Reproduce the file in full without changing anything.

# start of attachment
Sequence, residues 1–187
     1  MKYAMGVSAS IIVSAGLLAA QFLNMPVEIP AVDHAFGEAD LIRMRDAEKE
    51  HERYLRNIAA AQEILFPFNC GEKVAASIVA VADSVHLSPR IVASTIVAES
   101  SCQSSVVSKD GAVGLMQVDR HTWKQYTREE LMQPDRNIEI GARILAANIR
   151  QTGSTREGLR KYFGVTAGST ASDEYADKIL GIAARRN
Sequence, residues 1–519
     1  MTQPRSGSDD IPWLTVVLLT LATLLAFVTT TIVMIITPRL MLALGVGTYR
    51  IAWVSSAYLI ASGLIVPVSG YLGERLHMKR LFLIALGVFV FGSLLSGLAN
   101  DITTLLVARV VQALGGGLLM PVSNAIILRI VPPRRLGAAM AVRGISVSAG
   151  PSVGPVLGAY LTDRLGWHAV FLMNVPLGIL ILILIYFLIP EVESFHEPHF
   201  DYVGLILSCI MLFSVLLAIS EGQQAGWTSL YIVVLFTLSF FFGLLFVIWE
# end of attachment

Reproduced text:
Sequence, residues 1–187
     1  MKYAMGVSAS IIVSAGLLAA QFLNMPVEIP AVDHAFGEAD LIRMRDAEKE
    51  HERYLRNIAA AQEILFPFNC GEKVAASIVA VADSVHLSPR IVASTIVAES
   101  SCQSSVVSKD GAVGLMQVDR HTWKQYTREE LMQPDRNIEI GARILAANIR
   151  QTGSTREGLR KYFGVTAGST ASDEYADKIL GIAARRN
Sequence, residues 1–519
     1  MTQPRSGSDD IPWLTVVLLT LATLLAFVTT TIVMIITPRL MLALGVGTYR
    51  IAWVSSAYLI ASGLIVPVSG YLGERLHMKR LFLIALGVFV FGSLLSGLAN
   101  DITTLLVARV VQALGGGLLM PVSNAIILRI VPPRRLGAAM AVRGISVSAG
   151  PSVGPVLGAY LTDRLGWHAV FLMNVPLGIL ILILIYFLIP EVESFHEPHF
   201  DYVGLILSCI MLFSVLLAIS EGQQAGWTSL YIVVLFTLSF FFGLLFVIWE